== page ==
A vacation trip doesn’t begin with buying tickets or packing a suitcase. It starts with an idea. One moment, you’re the same old you. Going through the motions. Taking care of business. Living your life here in the Inland Northwest.
You know, the usual. Should I try drinking skim milk or stick with the 2 percent? Is that SRS light on the dashboard anything to worry about? What exactly is SRS anyway? Did I mail the Visa bill? Did she say she needed the whole report done by Tuesday or did she say she wanted a summary by then?
And so on.
Then it happens. Perhaps prompted by a passage of music or something on TV, a wide-screen picture appears in the theater of your mind.
It’s you. But you’re in Scotland, standing in front of what appears to be a castle. You’re wearing a sweater you don’t recognize and you are smiling.
You look happy. You aren’t thinking about dashboard lights or reports.
“I should go there,” you say to yourself. “Soon.”
And thus, your journey has begun.
Such moments can change a person.
Even if you subsequently learn that your house needs a new roof and find yourself letting out a sad, resigned budget-reality sigh.
But you know what? That time you spent thinking about museums and pubs was not wasted. It helped you lift your gaze above your routine. It gave you a chance to imagine.
And it reminded you that you are not defined by the mundane.
Sure, you spend a lot of time nagging your kids to pick stuff up and thinking that the refrigerator shelves need cleaning. But your data banks also include see-the-future visions of you strolling through those unbelievably non-junky little towns you admired while watching the Tour de France on TV.
They say that travel is broadening. Well, so is thinking about travel.
OK, I need to make a distinction here. I’m not talking about fleeting daydreams.
There’s nothing wrong with those, of course. Where would we be without them?
But to derive the outlook-expanding benefits of theoretical vacations, I think you need to be at least half-serious about your intention to rent a cottage on Prince Edward Island or tour 16 Civil War battle sites in five days.
When you actually start considering costs, itineraries and pet-sitter options, the what-if train starts to pull out of the station. Next stop: “Maybe we really could swing this.”
Then something else happens. Once, say, Montreal or Thailand is on your radar, you start learning about your destination. A lot of that is the result of intentional research. You know, picking up travel books, scanning Web sites, et cetera.
Whether you ever actually go or not, you can wind up knowing a fair amount about ferry connections in Greece or what London bars to avoid when Arsenal is playing West Ham.
Something else takes place as well. Without making any sort of conscious effort, you start absorbing news and information about, say, Belgium or Brazil.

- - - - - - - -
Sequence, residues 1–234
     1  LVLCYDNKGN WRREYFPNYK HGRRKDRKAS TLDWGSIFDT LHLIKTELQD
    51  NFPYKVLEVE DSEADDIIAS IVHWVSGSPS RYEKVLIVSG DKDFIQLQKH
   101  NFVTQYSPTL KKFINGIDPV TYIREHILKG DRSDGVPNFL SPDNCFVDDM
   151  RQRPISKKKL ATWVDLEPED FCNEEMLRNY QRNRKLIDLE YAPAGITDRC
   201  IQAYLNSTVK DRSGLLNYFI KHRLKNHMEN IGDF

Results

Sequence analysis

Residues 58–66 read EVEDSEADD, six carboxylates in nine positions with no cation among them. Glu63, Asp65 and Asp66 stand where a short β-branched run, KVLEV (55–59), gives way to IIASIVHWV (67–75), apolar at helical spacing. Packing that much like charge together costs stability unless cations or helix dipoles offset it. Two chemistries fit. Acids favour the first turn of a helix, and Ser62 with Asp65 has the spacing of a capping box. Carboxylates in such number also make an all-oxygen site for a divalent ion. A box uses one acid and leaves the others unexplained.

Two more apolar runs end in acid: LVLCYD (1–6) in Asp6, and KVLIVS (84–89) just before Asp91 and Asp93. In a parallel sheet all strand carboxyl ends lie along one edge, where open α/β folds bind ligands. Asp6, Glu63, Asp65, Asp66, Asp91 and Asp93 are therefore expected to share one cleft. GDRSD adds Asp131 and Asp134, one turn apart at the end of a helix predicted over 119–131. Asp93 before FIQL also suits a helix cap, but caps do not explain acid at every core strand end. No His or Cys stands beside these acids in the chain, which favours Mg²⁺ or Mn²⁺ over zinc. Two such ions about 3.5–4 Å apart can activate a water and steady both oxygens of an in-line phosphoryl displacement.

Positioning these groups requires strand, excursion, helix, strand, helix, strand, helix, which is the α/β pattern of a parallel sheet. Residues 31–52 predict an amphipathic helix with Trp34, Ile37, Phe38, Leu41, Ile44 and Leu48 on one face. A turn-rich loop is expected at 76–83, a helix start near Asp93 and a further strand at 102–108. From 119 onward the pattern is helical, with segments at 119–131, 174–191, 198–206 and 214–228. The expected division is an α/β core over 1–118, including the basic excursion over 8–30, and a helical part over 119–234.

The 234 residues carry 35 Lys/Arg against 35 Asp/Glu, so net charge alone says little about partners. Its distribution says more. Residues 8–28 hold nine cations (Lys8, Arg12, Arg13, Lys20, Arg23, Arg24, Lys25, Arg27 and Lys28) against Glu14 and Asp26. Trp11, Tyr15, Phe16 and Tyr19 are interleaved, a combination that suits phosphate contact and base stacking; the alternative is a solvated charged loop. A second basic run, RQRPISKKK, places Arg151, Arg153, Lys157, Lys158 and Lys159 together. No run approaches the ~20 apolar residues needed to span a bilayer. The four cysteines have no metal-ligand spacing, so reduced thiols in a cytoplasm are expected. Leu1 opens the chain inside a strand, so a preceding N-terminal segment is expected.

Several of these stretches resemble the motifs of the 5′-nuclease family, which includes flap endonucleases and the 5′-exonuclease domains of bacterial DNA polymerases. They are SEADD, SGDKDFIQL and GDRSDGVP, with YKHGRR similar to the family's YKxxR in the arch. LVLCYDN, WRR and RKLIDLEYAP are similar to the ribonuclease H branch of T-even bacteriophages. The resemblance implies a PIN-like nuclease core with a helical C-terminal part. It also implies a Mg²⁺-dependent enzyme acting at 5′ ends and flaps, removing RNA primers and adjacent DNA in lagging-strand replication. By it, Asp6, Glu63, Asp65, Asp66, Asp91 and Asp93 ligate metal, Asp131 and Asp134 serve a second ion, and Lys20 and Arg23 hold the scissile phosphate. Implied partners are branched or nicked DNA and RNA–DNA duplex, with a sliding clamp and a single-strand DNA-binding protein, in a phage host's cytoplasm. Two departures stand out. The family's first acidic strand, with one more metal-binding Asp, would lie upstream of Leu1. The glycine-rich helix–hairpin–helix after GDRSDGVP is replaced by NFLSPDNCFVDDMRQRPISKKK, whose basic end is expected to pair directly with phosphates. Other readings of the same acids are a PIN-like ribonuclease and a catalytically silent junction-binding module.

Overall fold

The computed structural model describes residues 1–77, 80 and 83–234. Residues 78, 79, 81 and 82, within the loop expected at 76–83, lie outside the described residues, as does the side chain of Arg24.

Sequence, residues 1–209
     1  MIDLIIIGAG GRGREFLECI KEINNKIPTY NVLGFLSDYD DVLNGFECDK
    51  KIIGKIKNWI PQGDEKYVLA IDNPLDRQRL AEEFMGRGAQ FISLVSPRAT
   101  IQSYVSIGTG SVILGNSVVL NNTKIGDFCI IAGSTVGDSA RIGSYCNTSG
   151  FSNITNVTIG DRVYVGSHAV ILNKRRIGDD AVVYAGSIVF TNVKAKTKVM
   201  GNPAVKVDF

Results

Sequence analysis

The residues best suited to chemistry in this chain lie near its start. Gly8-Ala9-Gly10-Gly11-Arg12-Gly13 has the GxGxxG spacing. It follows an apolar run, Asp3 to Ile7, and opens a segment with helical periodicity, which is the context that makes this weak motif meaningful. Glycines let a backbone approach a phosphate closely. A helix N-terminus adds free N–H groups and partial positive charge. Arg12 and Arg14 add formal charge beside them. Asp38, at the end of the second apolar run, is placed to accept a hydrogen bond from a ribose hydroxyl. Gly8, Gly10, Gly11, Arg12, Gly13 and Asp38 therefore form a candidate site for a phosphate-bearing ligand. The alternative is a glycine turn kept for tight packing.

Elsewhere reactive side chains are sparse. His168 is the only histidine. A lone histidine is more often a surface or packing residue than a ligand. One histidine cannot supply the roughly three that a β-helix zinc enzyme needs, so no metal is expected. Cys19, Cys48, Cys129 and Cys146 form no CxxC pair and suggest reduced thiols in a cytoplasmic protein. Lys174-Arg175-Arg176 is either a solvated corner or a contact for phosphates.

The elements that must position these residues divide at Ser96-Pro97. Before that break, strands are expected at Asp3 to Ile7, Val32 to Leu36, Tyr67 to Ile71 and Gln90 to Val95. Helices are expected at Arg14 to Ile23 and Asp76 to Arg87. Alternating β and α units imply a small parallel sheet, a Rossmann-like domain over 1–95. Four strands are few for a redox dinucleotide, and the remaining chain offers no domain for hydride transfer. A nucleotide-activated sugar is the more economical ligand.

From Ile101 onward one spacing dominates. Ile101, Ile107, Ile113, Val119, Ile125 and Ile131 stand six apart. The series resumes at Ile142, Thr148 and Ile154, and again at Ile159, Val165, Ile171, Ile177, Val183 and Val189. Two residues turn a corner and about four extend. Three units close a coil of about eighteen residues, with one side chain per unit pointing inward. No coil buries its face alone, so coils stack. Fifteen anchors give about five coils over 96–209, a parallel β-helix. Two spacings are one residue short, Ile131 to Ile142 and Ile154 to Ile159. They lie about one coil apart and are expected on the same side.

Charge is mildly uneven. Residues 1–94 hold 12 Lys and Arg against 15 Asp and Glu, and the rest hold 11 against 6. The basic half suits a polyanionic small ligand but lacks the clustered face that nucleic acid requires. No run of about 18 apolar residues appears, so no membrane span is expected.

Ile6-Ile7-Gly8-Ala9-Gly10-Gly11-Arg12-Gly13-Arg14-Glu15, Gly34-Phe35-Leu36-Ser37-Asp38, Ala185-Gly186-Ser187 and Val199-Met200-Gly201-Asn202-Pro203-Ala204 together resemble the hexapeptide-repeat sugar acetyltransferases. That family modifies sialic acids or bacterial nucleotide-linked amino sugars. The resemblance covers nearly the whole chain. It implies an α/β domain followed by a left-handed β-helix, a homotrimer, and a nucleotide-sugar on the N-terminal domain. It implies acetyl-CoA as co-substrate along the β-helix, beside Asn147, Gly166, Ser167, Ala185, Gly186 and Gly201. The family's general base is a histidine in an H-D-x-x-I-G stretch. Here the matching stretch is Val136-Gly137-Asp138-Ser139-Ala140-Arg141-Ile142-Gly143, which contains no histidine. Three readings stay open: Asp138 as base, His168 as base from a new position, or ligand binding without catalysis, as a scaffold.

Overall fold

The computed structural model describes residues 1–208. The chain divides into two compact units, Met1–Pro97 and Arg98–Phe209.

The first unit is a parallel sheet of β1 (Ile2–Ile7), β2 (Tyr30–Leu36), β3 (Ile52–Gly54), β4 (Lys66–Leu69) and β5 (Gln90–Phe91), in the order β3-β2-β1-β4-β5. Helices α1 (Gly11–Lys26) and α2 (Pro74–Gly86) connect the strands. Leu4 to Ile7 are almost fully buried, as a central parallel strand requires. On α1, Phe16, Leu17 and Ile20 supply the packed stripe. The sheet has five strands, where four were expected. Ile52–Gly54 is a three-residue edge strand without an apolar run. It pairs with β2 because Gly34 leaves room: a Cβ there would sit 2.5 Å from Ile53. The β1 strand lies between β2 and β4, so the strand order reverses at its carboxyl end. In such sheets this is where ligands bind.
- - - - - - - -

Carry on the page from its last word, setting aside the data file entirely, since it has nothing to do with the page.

Sure, there were stories in the paper before about the language/cultural schism threatening the nation’s future or about the scrape-off of the rain forest. Now, though, you really soak them up.
All right, nobody would suggest that tourist guides, novels and Jason Bourne movies are a substitute for true, in-person travel. They aren’t.
There’s nothing like meeting real people and wondering if they are ripping you off in the currency exchange.
All I’m saying is that the mulled-over desire to visit Machu Picchu or Alaska can be a catalyst for changing how you see yourself.
Others might view you as Bob or Karen Humdrum. “Never been past Tum Tum.”
But they can’t see your dreams.
Maybe they don’t know that, someday, when you have the time and money, you are going to tour the great cathedrals or visit your great-grandparents’ hometown in Norway.
Let’s not kid ourselves, though. Some people who talk about trips they would like to take are never going to follow through. Perhaps they will not be able to afford it. Or maybe their honest opinion is that travel is mostly about missed flights, lost luggage, bungled reservations and bad guys plotting to blow up the plane.
Still, that’s not everyone.
For some, the desire to take that dream trip is sincere.
They’ve been whetting their appetite for ages. It is not a belief in the pleasures of delayed gratification that has kept them home. It’s just that something always seems to get in the way.
One year, it was an illness in the family. Then, another time, both cars died at the same time and the healthy bank account suddenly caught a cold.
Maybe that has been you.
Well, I’m here to tell you, your anticipation has not been for naught.
When the idea of going somewhere really becomes an invisible dimension of who you are, you walk around with it. It becomes a part of your world – a realm that’s much bigger than dear old Spokane.
It’s possible, after all, to hear bagpipes in silence.
And who knows? Maybe the stars will align in your favor one day.
You’ll step off a plane and a sparkling young woman holding brochures will greet your tired-but-excited family, “Welcome to Scotland.”
Her accent will make you smile.
“Thanks,” you’ll say. “I’ve been on my way for a long time.”